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America, our internet sucks. And it’s time to try a different approach to fix it.
Millions of Americans do not have modern Internet service. It is a symptom of our internet dysfunction that we don’t even know how many. The unreliable number of Internet providers is 14.5 million households. Or maybe it’s 157 million people. Even for people with reliable access, Americans generally pay more for worse Internet service than our counterparts in most other wealthy countries.
The new White House infrastructure plan includes a proposal to spend $ 100 billion to extend fast Internet access to all homes. Its central premise is powerful: to achieve the Internet we all deserve, the federal government must be more involved, but not too much.
The Biden administration’s plan lacks details and it will be difficult to pass a large spending bill. But let me explain why the White House plan could be the restructuring we need.
First, how it works now:
We currently have the worst aspects of free-market capitalism and heavy-handed rule. Taxpayers’ money is poured into Internet service, but the money is often myopically spent. A system that promises light regulation actually has many rules, often encouraged by companies that protect their interests, but regulations are often misguided or poorly enforced.
The government now gives a lot of money and authority to Internet companies. The result is that Americans are shelling out billions of dollars each year to help build Internet networks in places like rural towns and subsidize the cost of service for schools, libraries, and homes.
But the funds often help sustain the Internet channels of the AOL era. And the money is spent on short-term solutions. Schools, for example, are helped to pay ISPs for Wi-Fi hotspots when they would be better off having fast Internet connections that they control.
“That is not to say that investments have not brought communities online. They have, ”said Kathryn de Wit, who manages the Internet access project for the Pew Charitable Trusts. But, he told me, “the time has come for the federal government to take a more active role.”
What’s in the White House Internet Plan?
This week, the administration set high-level goals: High-quality Internet pipes should reach every American home, and soon. Taxpayer money shouldn’t help fund outdated Internet technology. And we should pay less for internet service.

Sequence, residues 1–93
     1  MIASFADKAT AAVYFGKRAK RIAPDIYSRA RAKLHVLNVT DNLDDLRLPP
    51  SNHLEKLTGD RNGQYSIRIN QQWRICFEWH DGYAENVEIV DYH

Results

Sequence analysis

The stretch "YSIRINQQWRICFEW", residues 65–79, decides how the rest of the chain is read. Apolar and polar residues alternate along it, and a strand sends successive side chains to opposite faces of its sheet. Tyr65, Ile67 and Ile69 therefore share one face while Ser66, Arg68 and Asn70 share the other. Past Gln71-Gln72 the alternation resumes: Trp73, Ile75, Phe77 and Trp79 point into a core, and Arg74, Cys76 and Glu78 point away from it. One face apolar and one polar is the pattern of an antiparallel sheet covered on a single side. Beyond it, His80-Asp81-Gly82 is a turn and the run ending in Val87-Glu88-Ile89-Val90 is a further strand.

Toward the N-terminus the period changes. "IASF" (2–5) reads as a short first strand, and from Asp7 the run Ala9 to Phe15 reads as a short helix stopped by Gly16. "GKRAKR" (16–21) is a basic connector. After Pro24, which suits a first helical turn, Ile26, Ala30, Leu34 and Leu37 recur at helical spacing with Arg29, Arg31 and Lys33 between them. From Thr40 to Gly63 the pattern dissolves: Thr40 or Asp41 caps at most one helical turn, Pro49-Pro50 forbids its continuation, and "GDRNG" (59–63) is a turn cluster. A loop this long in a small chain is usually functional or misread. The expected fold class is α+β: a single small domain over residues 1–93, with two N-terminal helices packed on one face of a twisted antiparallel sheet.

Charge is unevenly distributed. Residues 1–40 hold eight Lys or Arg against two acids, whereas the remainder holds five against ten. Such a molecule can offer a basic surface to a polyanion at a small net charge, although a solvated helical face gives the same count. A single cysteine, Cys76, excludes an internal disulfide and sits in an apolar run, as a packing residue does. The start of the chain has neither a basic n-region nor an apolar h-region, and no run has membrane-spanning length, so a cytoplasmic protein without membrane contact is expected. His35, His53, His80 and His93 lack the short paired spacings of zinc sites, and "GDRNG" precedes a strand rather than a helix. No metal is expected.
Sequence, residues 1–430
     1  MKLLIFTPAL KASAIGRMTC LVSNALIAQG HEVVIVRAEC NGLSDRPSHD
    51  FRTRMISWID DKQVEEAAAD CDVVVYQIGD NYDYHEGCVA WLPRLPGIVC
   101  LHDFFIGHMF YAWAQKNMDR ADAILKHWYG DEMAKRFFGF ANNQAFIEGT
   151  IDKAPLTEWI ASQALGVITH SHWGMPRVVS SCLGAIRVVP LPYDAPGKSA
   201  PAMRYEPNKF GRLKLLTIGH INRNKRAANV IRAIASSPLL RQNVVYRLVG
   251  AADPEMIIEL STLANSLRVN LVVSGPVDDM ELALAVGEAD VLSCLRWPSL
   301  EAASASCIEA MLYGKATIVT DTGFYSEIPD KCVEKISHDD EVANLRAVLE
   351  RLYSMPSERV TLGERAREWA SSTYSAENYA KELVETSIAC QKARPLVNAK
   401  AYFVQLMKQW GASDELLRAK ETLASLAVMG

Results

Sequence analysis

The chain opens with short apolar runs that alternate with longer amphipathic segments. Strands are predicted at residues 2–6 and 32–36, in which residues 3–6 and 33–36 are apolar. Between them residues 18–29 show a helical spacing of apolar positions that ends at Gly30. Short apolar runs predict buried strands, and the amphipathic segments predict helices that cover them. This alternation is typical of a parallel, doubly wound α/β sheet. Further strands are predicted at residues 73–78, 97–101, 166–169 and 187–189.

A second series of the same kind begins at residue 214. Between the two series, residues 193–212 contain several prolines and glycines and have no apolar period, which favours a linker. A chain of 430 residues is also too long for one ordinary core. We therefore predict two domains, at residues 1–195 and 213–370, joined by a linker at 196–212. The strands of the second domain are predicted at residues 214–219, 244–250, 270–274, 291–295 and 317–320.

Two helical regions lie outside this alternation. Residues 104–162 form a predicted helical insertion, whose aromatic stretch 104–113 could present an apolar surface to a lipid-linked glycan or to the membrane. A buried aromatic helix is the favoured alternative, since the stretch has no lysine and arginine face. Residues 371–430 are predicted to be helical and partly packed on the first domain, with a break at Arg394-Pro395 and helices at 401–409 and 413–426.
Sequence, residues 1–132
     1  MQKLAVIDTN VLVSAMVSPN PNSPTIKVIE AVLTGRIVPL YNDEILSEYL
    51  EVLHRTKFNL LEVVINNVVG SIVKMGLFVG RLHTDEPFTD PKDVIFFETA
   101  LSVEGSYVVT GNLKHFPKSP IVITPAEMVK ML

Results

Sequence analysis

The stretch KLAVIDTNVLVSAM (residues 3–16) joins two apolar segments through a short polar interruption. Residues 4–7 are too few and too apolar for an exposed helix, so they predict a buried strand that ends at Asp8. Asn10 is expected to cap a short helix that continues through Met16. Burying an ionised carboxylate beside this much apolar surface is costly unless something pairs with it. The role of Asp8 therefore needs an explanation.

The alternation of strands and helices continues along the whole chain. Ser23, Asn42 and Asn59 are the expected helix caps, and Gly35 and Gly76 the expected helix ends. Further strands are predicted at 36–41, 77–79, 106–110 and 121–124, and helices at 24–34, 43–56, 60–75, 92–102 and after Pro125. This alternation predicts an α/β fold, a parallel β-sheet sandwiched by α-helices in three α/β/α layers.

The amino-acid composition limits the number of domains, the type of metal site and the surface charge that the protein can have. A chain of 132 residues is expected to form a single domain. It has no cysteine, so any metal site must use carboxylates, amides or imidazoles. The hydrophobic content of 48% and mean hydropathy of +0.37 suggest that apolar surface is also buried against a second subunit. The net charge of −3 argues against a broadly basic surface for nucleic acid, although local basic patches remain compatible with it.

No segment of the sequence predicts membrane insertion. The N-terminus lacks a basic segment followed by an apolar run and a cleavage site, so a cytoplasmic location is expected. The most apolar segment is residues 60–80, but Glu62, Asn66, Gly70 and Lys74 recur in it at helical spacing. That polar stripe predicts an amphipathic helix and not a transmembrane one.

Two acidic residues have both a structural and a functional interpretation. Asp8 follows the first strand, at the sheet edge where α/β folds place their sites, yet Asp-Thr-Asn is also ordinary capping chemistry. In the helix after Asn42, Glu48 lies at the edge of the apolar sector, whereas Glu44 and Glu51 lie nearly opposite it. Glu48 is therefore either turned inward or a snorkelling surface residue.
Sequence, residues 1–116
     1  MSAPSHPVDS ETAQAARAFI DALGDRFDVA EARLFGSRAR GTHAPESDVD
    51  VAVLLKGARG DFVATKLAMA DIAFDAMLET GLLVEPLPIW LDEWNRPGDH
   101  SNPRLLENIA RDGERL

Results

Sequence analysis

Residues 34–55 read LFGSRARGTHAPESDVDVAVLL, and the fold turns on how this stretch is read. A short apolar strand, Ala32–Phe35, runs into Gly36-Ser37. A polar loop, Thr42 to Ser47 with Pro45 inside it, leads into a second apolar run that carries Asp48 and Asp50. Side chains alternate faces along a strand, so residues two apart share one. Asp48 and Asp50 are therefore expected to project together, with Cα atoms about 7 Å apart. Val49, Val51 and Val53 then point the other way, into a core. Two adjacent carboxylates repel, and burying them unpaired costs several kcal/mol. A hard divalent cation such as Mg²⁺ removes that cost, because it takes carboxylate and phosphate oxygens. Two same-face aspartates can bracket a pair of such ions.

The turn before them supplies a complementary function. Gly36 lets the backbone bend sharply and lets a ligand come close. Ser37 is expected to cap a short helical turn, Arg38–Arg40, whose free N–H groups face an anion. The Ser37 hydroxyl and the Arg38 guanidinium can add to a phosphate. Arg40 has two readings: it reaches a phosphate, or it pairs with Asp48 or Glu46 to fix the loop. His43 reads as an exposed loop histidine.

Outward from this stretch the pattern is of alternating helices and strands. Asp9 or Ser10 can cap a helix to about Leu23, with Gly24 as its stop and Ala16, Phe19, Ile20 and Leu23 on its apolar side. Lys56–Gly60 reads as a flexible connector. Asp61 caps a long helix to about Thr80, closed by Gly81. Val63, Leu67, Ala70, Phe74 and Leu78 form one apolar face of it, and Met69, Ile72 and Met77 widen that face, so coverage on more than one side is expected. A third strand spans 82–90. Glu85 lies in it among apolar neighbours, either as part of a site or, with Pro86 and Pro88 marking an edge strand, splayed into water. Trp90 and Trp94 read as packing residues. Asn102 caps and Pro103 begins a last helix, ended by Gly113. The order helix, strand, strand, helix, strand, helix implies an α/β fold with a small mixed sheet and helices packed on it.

Those principles sound simple but deceptively revolutionary. The plan is essentially a statement that what we are doing now is not working, and the government should not just sit back and let the system continue.
As De Wit told me, the role of government should be to make everyone involved in the Internet system focus on one mission: to build fast, 21st-century Internet channels to reach everyone, and to make sure that the public instead of Internet companies are the first and last word in our Internet system.
When the federal government should get out of the way:
The Biden administration established principles, but proposes to leave room for maneuver for communities, states, and businesses to come up with Internet technologies and policies tailored to their needs.
My colleague Cecilia Kang wrote this week about community activists in Maryland who jury-rigged a system of antennas and routers to provide Internet service to low-income families. The White House wants to back more community-based Internet providers like that, as well as government-affiliated networks like the one in Chattanooga, Tennessee.
The White House’s support for alternative Internet providers is a message that big Internet companies like Comcast and AT&T can be part of the solution, but they are not the only answer. Not surprisingly, the big Internet companies are not enthusiastically embracing the Biden plan.
A trade group representing Comcast and others said America’s Internet plumbing was in good shape and the government should not micromanage Internet networks or prioritize government-owned networks. Here you will find more information about why ISPs are unhappy.
The challenges and opportunities that lie ahead:
I don’t want to downplay the difficulties in fixing America’s Internet system. It will be difficult to build Internet networks that reach all Americans, particularly in sparsely populated areas. It’s unclear how the White House plans to make the service affordable for everyone.
But let me emphasize how exciting the White House plan is. Identify the right problems, declare a worthy mission, and demand fewer obstacles to unite the best of government with the best of capitalism.
If the White House plan works, our Internet system could be less expensive and more effective for all of us.
Before we go …
What happens when complexity is destroyed online: Facebook and Instagram have been fertile ground for terrifying, often misleading information about Covid-19 vaccines. This Bloomberg News article delves into why, including how apps reward people for arousing people’s anxiety and the difficulty of making medical truths interesting online.
The companies that extract our data do so a lot lobbying: The Markup reported that 25 relatively unknown companies that make money from collecting our personal information spent a total of $ 29 million on federal lobbying. One of them, Oracle, spent $ 9.6 million, more than Google, which is much larger.
TJ Maxx, but from Amazon? Before the pandemic, Amazon discussed the possibility of opening discount stores to clean up its warehouses of unsold merchandise, such as household goods and electronics, Bloomberg News reported. I’m not sure why Amazon would need stores to do this instead of … uhhhh, just selling discounted stuff on their huge website.
This is a story about a stray dog who kept trying to steal a stuffed unicorn toy from a dollar store. Sisu is a very good dog. The humans who rescued him are good too.
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